How Will ‘The Conners’ Handle The Absence Of Roseanne? Here’s How Past TV Shows Moved On Without A Matriarch

ABC Television Network

The Roseanne reboot will move forward — without Roseanne Barr. One month after Barr’s Twitter tirade forced a sudden cancelation of her revived ABC comedy, a new spinoff, titled The Conners, will make its debut on the network’s fall schedule, according to the Hollywood Reporter.

The logline for the Roseanne spinoff, which will star John Goodman, Laurie Metcalf, Sara Gilbert, Lecy Goranson, and Michael Fishman, teases that “after a sudden turn of events, the Conners are forced to face the daily struggles of life in Lanford in a way they never have before.”

Barr will retain all rights to her Roseanne Conner character, so there is no chance that a replacement actress will come in to try to fill her shoes, a la Darrin on Bewitched. That sure makes it sound like Roseanne Conner is no more.

Of course, if ABC kills off Roseanne Barr’s iconic character, it wouldn’t be the first time such a thing has occurred on network television.

Valerie

In the 1980s, Valerie Harper’s character was killed off of the actress’s self-titled sitcom after Harper got into a salary dispute with producers. Harper’s Valerie Hogan was offed in a car crash after the first season of the CBS sitcom Valerie. The show was then revamped and retitled Valerie’s Family: The Hogans, before Harper’s memory was completely obliterated with a title change to The Hogan Family, with Sandy Duncan filling Harper’s shoes as leading lady.

Eight is Enough

In 1977, a real-life tragedy changed the course of the ABC family comedy-drama Eight is Enough. The show’s original premise was based on the family life of syndicated newspaper columnist Thomas Braden, his wife Joan, and their eight kids. But when Diana Hyland, the actress who played the family matriarch, succumbed to cancer after just four episodes of the series, her character’s sudden death was written into the script. When the second season of Eight is Enough began, viewers learned that Tom (Dick Van Patten) was a widower. A love interest was promptly brought in for the dad of eight via a school tutor named Abby (Betty Buckley), whom he later married.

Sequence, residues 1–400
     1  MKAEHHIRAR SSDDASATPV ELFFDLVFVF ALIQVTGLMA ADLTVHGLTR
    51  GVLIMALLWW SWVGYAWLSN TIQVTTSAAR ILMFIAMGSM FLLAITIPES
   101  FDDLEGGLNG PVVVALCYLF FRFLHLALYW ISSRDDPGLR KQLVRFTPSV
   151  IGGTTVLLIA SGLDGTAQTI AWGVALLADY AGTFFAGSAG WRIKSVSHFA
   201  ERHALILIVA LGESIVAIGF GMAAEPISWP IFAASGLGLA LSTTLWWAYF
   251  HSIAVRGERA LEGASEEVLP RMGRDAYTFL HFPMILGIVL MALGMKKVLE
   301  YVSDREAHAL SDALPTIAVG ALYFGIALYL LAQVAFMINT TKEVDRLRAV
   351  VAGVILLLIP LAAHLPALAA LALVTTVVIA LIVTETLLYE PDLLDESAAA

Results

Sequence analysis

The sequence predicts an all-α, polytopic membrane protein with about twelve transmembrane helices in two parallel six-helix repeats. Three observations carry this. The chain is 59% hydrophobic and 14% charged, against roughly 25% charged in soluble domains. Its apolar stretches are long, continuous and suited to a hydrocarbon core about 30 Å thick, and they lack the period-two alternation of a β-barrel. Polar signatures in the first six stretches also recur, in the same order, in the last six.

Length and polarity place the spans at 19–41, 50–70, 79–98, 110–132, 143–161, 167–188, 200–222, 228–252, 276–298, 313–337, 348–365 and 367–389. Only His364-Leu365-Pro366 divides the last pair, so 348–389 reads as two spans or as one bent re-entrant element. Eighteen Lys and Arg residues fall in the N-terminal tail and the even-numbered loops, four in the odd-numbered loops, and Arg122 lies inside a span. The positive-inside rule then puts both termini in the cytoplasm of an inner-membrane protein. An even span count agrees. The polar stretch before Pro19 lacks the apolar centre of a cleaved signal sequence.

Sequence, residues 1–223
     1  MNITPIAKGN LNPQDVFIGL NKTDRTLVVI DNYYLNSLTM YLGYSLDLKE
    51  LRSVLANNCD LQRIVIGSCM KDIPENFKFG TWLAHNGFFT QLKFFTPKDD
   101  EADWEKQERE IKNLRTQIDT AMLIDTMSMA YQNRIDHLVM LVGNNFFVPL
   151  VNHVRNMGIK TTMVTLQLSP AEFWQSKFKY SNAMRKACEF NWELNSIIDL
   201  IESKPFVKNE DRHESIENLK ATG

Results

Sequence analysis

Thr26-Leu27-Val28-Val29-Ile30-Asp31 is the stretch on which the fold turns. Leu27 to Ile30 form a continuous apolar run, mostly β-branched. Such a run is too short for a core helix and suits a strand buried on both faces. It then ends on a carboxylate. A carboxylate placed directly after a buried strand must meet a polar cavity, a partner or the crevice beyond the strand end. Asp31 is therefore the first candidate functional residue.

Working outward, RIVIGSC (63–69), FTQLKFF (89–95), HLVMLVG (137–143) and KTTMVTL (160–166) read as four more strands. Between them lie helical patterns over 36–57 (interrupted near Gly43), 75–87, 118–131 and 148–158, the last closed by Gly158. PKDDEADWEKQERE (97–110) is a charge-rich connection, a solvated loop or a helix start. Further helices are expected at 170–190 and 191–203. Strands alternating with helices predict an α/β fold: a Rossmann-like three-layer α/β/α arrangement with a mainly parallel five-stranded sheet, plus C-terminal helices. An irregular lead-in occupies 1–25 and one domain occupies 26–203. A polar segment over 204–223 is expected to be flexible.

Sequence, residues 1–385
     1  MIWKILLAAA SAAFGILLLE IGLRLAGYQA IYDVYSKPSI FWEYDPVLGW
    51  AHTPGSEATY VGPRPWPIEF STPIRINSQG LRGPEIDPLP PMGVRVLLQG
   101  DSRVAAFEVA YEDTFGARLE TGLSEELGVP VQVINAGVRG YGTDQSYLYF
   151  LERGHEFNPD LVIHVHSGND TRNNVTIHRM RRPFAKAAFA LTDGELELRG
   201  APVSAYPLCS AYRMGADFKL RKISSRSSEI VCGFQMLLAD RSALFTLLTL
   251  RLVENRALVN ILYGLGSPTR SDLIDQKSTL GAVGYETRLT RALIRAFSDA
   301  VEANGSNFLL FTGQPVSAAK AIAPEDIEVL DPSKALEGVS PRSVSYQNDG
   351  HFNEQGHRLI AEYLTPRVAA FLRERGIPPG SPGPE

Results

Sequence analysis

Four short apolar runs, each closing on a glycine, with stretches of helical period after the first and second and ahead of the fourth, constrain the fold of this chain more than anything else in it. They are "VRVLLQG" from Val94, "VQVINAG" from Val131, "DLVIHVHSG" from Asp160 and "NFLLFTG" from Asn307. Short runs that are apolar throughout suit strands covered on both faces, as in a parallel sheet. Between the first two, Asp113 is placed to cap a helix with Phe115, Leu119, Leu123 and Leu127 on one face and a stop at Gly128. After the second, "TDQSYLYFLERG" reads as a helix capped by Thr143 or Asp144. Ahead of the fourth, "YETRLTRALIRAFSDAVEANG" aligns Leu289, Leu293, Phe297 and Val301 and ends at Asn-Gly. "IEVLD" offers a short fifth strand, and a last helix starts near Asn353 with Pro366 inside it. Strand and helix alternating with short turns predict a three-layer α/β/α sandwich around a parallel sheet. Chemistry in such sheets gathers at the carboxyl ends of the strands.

Kevin Can Wait

Kevin James’ sophomore CBS comedy had a change in direction for its second season, and one of the changes was to kill off his character’s wife, Donna (played by Erinn Hayes). At the 2017 Television Critics Association panel, CBS entertainment president Kelly Kahl announced that Hayes’ character would die off-camera ahead of the second season of Kevin Can Wait and James’ former King of Queens wife, Leah Remini, would join the cast of the show. According to the Hollywood Reporter, Kahl promised that Donna Gable’s death would be addressed “tastefully” and that it was “something that will have taken place in the past.”

On the Kevin Can Wait Season 2 premiere, Donna’s untimely demise was briefly addressed when her husband Kevin Gable (James) received a “we miss you card” from her gym and revealed he missed her too. Kevin then segued into a joke about a coupon for a kung fu class. Donna’s death got another mention in Episode 2 when Kevin’s kids called him out for over-parenting “ever since Mom passed away,” and Kevin later revealed he had been “living in a cocoon since Donna died.” Kevin Can Wait producer Rock Reuben told TV Guide that Donna’s cause of death would only be revealed only if “it becomes necessary for a story.”

Unfortunately, Kevin Can Wait was canceled after its second season, so Donna’s death still remains a mystery — and always will.